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Telecom Alert - NPRM on Spectrum Partitioning, Disaggregation and Leasing; Spectrum Horizons Order; 900 MHz NPRM; 800 MHz Update; 911 Location Accuracy Rules - Vol. XVI, Issue 11

Date: Mar 18, 2019

FCC to Explore Changes to Partitioning, Disaggregation, and Spectrum Leasing Rules

On March 15, the FCC adopted a Notice of Proposed Rulemaking (NPRM) to evaluate how changes to its partitioning, disaggregation, and spectrum leasing rules might further the Commission’s goals of closing the digital divide and increasing spectrum access in rural areas.  Additionally, the NPRM seeks comment on certain considerations delineated in the Making Opportunities for Broadband Investment and Limiting Excessive and Needless Obstacles to Wireless (MOBILE NOW) Act, and whether to allow “reaggregation” for spectrum that has been partitioned or disaggregated on the secondary market.  For more information, please contact Greg Kunkle (kunkle@khlaw.com; 202.434.4178).

Promotion of Spectrum Above 95 GHz

The FCC adopted the Spectrum Horizons First Report and Order on March 15 to encourage technological development and deployment of services in the spectrum above 95 GHz.  This follows an NPRM adopted in February 2018 (Vol. XV, Issue 15).  The Order provides opportunities for new experimental and unlicensed use in the frequencies above 95 GHz, including making 21.2 GHz available for unlicensed use.  In his blog post, FCC Chairman Pai stated that this action will, “add a new experimental license type that would permit experimental use on any frequency from 95 GHz to 3 THz, with no limits on geography or technology.”  In the Press Release, the Commission stated that “study of these uses could ultimately lead to further rulemaking actions and additional licensing opportunities within the Spectrum Horizons bands.”  For more information, please contact Wes Wright (wright@khlaw.com; 202.434.4239).

900 MHz NPRM

On March 12, the FCC adopted a NPRM that will reconfigure the 900 MHz band to facilitate a 3 x 3 MHz broadband sub-band through voluntary negotiations with current 900 MHz narrowband licensees, relocating these narrowband incumbent operations to the remaining 2 x 2 of the 900 MHz band (Vol. XVI, Issue 8).  The 900 MHz band is currently designated for narrowband Private Land Mobile Radio (PLMR) communications of Business/Industrial/Land Transportation (B/ILT) licensees and for Specialized Mobile Radio (SMR) providers. The principal narrowband, site-based licensees in the 900 MHz band are utilities and operators of major petroleum refining and petrochemical facilities, typically deploying systems having several thousand mobile units.  For additional information, please contact Greg Kunkle (kunkle@khlaw.com; 202.434.4178) or Doug Jarrett (jarrett@khlaw.com 202.434.4180). 

 800 MHz Expansion/Guard Band Access Update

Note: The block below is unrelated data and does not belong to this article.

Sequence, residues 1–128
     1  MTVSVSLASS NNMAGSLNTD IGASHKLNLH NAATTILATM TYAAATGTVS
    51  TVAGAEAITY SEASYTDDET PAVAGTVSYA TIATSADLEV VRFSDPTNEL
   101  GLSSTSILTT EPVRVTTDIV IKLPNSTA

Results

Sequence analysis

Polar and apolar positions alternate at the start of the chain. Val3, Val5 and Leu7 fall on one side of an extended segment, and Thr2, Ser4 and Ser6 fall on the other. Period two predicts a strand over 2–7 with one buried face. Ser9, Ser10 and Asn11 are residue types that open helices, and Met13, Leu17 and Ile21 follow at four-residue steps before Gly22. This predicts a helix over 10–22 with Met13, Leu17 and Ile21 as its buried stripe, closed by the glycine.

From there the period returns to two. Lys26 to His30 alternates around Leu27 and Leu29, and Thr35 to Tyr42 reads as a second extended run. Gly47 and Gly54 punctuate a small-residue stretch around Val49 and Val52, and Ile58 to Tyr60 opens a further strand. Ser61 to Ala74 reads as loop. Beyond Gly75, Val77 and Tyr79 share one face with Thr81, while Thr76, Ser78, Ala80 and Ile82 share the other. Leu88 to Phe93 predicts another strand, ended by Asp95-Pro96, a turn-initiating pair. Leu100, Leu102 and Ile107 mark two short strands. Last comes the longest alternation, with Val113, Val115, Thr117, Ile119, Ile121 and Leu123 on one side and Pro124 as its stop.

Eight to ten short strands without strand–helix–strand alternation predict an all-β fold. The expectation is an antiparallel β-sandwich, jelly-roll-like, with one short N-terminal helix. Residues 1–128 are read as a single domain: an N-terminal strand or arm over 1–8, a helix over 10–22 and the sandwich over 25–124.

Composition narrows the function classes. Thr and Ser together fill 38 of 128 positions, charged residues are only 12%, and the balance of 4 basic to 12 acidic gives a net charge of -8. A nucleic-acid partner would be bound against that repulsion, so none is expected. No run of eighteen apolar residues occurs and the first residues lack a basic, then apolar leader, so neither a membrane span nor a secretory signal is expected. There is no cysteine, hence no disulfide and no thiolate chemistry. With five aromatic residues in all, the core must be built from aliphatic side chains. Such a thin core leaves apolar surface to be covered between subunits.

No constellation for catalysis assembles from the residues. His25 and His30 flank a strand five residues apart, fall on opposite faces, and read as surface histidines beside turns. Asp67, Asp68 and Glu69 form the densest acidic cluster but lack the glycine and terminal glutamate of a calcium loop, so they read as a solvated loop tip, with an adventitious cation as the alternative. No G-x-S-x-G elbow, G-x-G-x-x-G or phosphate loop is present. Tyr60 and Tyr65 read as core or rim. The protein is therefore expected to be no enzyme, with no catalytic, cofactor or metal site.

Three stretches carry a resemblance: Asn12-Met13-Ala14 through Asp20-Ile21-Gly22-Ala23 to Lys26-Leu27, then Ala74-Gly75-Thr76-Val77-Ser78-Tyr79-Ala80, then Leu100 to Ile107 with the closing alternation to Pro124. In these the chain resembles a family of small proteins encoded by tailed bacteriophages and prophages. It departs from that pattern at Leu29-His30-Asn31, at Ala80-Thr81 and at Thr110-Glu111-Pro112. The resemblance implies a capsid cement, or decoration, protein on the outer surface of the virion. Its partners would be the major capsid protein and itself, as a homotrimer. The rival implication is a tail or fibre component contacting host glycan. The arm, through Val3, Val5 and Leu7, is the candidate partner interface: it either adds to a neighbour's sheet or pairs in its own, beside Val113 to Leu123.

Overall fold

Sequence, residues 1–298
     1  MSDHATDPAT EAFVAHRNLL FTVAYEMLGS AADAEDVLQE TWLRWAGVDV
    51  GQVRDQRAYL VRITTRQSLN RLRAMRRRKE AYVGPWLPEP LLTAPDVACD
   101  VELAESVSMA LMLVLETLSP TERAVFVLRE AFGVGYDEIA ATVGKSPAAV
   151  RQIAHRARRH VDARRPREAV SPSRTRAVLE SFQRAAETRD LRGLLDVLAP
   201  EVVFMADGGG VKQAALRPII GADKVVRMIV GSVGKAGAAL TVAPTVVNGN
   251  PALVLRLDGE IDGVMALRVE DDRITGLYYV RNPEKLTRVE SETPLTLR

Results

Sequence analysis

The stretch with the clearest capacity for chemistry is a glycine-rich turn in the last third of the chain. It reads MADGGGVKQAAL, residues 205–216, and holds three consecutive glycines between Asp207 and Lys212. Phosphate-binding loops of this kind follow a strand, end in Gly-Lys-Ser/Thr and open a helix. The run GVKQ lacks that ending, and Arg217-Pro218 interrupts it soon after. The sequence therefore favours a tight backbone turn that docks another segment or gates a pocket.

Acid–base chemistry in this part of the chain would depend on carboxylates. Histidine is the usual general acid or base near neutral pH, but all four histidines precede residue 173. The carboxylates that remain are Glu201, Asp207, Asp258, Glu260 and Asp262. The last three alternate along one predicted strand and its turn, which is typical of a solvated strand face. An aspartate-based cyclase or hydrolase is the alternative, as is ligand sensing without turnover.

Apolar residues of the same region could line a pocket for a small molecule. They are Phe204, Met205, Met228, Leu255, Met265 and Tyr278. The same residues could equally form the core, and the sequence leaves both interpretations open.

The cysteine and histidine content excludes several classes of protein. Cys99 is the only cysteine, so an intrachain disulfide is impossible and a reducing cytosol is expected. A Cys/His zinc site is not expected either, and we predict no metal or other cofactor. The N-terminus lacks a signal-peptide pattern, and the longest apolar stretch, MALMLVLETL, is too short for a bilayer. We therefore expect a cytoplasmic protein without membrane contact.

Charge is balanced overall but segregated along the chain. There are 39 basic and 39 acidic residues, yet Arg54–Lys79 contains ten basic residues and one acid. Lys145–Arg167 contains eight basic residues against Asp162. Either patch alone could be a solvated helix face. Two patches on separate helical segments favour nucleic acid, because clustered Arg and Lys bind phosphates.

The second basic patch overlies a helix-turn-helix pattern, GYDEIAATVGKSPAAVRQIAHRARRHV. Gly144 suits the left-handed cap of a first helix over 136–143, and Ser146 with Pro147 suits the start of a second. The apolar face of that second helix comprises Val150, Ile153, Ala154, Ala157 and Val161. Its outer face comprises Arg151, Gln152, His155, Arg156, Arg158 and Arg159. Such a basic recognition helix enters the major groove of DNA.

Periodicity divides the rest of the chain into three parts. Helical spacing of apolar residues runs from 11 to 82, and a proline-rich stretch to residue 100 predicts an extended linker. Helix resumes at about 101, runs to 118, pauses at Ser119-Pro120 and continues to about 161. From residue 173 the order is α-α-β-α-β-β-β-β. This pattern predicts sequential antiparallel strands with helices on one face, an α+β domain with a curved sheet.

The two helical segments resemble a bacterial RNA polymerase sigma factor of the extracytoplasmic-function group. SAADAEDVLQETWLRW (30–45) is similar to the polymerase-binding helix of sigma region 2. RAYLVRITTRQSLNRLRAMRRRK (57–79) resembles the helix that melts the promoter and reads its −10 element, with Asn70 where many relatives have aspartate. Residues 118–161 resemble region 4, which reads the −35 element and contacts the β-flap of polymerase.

The FCC’s Report and Order updating its rules governing spectrum capacity in the 800 MHz and other Private Land Mobile Radio (PLMR) bands took effect after publication in the Federal Register on December 27, 2018.  Many frequency coordinators began accepting applications for 800 MHz Expansion and Guard Band (EB/GB) channels shortly thereafter (Vol. XVI, Issue 10).  The new 800 MHz channels and PLMR Central Station Alarm channels will be unavailable until FCC announcement and Office of Management and Budget (OMB) approval, respectively (Vol. XVI, Issue 3).  We understand frequency coordinators will continue accepting applications, but will not submit them to the Commission until the FCC issues further guidance.  For more information, please contact Greg Kunkle (kunkle@khlaw.com; 202.434.4178).

New 9-1-1 Vertical Location Accuracy Rules

On March 15, the FCC considered a Fourth Further Notice of Proposed Rulemaking that would help first responders more accurately locate individuals who make wireless 9-1-1 calls from multi-story buildings by assisting 9-1-1 call centers in identifying the floor levels where such calls occur (Vol. XVI, Issue 8).  In the Further Notice, the Commission proposed that a vertical or “z-axis” location accuracy metric of plus or minus three meters would be sufficiently accurate to identify callers’ floor levels in most cases and feasible under the timeframes set forth in the FCC’s Enhanced 911 (E911) rules.  For more information, please contact Wes Wright (wright@khlaw.com; 202.434.4239).

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Keller and Heckman LLP's Telecom Business Alert is a complimentary weekly electronic update created by the Telecommunications Practice Group of Keller and Heckman LLP.  All articles, videos, and quotations are on topics of general interest and do not constitute legal advice for particularized facts.  Keller and Heckman LLP's Telecom Business Alert © 2019.  All rights reserved.  Articles may be copied with attribution.  To sign up for our weekly alert, please send us an email at telecomalert@khlaw.com and provide us with your name and email.  Please follow us on twitter at @KHtelecom.